What is vaping?
Vaping is the act of inhaling and exhaling the aerosol (often called vapor) produced by an e-cigarette or similar battery-powered device. They are also known as e-cigs, vape pens, e-hookahs, e-pipes, tanks, mods, vapes, electronic nicotine delivery systems, or ENDS, and more. Some people refer to vaping devices by their brand name such as Puff Bar, fruyt STIK, JUUL, BO, myblu, Smok, and Suorin.
What are the different types of e-cigarettes?
E-cigarettes come in many different sizes, types and colors. Some e-cigarettes are made to look like regular cigarettes, cigars, or pipes. Some resemble pens, small electronic devices such as USB sticks, and other everyday items. The products that are designed to resemble small electronic devices are often compact and allow for discreet carrying and use – at home, in school hallways and bathrooms, and even in classrooms.
What is in e-cigarettes?
E-cigarettes contain pre-filled pods or e-liquids/e-juices the user adds to the device. E-liquids generally consist of nicotine, propylene glycol, glycerin, flavorings, and other chemicals. Many of these pods and e-liquids come in fruit and candy flavors that appeal to youth.
E-cigarettes produce an aerosol, which users inhale from the device and exhale. The aerosol can contain harmful and potentially harmful substances, including:
- Ultrafine particles that can be inhaled deep into the lungs
- Flavoring such as diacetyl, a chemical linked to a serious lung disease
- Volatile organic compounds
- Cancer-causing chemicals
- Heavy metals such as nickel, tin, and lead
Are e-cigarettes safe?
According to the Centers for Disease Control and Prevention, e-cigarettes are not safe for youth, young adults, pregnant women, or adults who do not currently use tobacco products. E-cigarettes have not been approved by the FDA as a smoking cessation device and additional research is needed to help understand long-term health effects of e-cigarette use.
What are the other dangers of vaping?
In addition to nicotine, e-cigarettes contain harmful and potentially harmful chemicals such as ultrafine particles that can be inhaled deep into the lungs; flavoring such as diacetyl, a chemical linked to a serious lung disease; volatile organic compounds such as benzene, which is found in car exhaust; and heavy metals, such as nickel, tin, and lead.
Due to nicotine content, e-liquids are dangerous to small children and pets. The Massachusetts Attorney General requires that nicotine liquid and gel be sold in appropriate child-resistant packaging.
In addition to chemical contents, defective e-cigarette batteries have caused fires and explosions, some of which have resulted in serious injuries.
Is being around secondhand vape safe?
No. According to the Surgeon General, the aerosol from e-cigarettes is not harmless. It can contain harmful and potentially harmful chemicals, including nicotine; ultrafine particles that can be inhaled deep into the lungs; flavoring such as diacetyl, a chemical linked to a serious lung disease; volatile organic compounds such as benzene, which is found in car exhaust; and heavy metals, such as nickel, tin, and lead.
Scientists are still working to more fully understand the health effects and harmful doses of e-cigarette contents when they are heated and turned into an aerosol, both for users who inhale from a device and for those who are exposed to the aerosol secondhand.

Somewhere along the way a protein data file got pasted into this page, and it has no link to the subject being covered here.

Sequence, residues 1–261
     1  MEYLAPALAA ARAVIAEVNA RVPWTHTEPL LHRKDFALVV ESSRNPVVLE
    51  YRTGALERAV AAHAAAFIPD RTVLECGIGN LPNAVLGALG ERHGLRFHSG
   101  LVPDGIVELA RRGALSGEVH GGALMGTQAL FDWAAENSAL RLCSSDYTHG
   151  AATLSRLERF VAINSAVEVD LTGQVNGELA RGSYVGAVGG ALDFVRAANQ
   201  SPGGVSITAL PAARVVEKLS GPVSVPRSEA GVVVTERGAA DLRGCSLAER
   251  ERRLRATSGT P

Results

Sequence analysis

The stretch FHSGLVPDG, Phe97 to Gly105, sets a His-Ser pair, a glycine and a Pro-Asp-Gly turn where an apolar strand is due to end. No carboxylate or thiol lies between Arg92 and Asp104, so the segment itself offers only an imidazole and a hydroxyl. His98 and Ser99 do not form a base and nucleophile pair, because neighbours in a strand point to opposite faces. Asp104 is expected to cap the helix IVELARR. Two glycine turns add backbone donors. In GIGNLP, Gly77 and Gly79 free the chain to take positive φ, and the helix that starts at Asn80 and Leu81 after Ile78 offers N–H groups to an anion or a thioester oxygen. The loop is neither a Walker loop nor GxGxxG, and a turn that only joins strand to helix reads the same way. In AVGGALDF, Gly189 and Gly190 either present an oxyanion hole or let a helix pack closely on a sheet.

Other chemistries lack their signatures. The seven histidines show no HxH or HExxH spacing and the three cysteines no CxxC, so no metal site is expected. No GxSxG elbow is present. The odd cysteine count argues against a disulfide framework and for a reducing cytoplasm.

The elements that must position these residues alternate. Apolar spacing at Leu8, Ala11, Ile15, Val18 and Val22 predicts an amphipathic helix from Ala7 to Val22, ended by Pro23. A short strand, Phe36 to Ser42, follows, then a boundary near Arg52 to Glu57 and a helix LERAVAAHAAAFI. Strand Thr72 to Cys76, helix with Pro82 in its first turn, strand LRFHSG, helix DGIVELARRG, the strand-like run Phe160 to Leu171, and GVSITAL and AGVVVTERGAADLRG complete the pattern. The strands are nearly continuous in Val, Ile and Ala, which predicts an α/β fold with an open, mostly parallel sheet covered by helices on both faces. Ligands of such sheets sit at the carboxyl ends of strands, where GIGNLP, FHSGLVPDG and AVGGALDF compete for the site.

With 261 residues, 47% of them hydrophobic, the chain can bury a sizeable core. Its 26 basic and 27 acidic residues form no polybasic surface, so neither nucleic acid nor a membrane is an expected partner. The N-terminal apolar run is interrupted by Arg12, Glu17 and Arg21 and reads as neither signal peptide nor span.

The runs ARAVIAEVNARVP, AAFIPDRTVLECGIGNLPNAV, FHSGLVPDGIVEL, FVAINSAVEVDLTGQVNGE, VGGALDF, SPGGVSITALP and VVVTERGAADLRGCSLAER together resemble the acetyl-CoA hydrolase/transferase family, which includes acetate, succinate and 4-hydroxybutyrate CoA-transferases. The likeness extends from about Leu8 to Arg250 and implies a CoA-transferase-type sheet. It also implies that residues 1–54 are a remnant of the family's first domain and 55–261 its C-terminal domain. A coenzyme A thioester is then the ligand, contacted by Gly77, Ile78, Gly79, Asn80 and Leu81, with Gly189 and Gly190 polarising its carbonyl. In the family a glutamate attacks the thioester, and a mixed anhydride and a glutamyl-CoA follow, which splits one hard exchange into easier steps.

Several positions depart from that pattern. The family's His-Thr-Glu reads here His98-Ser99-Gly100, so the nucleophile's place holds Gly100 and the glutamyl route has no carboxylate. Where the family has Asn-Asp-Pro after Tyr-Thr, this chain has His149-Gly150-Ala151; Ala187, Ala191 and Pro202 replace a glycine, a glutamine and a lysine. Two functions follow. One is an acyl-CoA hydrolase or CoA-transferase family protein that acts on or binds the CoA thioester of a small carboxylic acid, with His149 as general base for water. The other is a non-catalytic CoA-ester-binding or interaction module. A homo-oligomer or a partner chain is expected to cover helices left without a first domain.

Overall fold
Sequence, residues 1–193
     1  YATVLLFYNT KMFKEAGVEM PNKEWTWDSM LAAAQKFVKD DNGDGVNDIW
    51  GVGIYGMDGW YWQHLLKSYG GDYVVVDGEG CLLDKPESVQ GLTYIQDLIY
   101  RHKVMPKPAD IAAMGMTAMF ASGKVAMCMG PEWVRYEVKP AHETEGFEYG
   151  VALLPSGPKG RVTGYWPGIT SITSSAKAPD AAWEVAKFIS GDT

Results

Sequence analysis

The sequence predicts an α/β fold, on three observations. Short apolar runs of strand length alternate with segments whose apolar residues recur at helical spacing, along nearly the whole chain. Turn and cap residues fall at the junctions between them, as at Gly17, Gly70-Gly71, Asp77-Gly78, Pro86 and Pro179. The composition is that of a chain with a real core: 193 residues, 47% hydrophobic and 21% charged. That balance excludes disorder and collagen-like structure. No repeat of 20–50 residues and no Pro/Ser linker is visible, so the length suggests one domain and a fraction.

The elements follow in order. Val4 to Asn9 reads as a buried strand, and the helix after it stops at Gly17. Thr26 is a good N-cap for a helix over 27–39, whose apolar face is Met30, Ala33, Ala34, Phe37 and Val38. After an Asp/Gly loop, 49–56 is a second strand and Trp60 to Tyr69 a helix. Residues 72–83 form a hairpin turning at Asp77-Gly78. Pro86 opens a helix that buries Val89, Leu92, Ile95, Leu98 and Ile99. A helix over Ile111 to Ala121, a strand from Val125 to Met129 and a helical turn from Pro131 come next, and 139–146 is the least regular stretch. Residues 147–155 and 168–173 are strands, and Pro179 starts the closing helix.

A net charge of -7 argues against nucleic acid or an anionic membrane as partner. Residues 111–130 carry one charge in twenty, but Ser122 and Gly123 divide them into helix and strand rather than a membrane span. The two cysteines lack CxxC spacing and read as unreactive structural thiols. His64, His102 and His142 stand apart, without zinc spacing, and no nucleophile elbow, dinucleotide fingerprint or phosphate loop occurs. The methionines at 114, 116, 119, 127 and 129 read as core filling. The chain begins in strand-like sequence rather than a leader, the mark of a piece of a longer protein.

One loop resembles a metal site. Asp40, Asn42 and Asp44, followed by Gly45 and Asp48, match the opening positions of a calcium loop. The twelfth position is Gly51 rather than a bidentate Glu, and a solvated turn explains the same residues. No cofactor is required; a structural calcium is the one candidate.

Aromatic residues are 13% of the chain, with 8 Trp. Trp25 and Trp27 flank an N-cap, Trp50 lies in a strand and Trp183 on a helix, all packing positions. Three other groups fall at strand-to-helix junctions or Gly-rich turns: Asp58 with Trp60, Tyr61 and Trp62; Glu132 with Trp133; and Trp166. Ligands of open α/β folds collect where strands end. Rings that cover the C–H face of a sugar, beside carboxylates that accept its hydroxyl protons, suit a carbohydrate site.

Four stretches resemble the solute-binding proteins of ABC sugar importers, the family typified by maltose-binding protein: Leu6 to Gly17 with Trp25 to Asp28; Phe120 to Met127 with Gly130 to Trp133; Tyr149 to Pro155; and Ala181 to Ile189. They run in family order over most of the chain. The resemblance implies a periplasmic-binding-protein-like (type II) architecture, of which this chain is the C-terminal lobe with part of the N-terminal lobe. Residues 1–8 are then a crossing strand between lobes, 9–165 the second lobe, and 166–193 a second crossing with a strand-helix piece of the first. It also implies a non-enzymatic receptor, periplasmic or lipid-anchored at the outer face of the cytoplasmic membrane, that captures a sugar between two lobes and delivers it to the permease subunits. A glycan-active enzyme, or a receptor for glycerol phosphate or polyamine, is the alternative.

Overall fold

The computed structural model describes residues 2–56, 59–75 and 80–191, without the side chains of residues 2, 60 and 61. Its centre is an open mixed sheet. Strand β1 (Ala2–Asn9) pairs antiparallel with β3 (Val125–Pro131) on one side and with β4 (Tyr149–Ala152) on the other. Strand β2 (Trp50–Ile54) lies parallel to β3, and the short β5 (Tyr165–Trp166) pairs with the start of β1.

Can e-cigarettes be used to vape other substances?
Yes. E-cigarettes and other vaping devices can be used to vape other substances, such as marijuana. Open systems require the user to add the e-juice, which can be a substance other than nicotine. Closed systems are generally not refillable because they use pre-filled pods. However, they can also be altered to vape substances other than nicotine.
Where are e-cigarettes sold and how are youth getting them?
Until recently, e-cigarettes of all flavors and nicotine content levels could be sold in many places including convenience stores, corner stores, gas stations, vape shops, and online. As of November 27, 2019, Massachusetts implemented a law that restricts where flavored tobacco products, including e-cigarettes can be sold. The sale of all flavored tobacco products, including e-cigarettes, in Massachusetts is restricted to adult-only (age 21+) smoking bars. This also includes menthol. The sale of unflavored e-cigarettes with a nicotine content over 35 mg/mL is restricted to adult-only tobacco retail stores or smoking bars. Only unflavored e-cigarettes with a nicotine content of 35 mg/mL or less can still be sold in convenience stores, gas stations, liquor stores and other similar businesses, as well as online.
Just like other tobacco and nicotine products, youth may get e-cigarettes from friends who vape or from local or online stores that do not abide by Massachusetts’ restrictions on sales. If you wish to report one of these sales violations, call 1-800-992-1895 or contact your local Board of Health.
Detailed information about the ban and a list of frequently asked questions are available on the Commonwealth of Massachusetts website.
- Massachusetts Tobacco Cessation and Control Prevention Program (MTCP)
- Learn about youth vaping with resources for parents/caregivers, educators, and providers.
- Learn more about vape and industry tactics targeting youth
- Get Help to Quit information
- Help youth quit
- National Institute in Drug Abuse: Vaping Devices DrugFacts
- Health Department vaping ban press release (September 25, 2019)
- Health Department letter to retailers (September 25, 2019)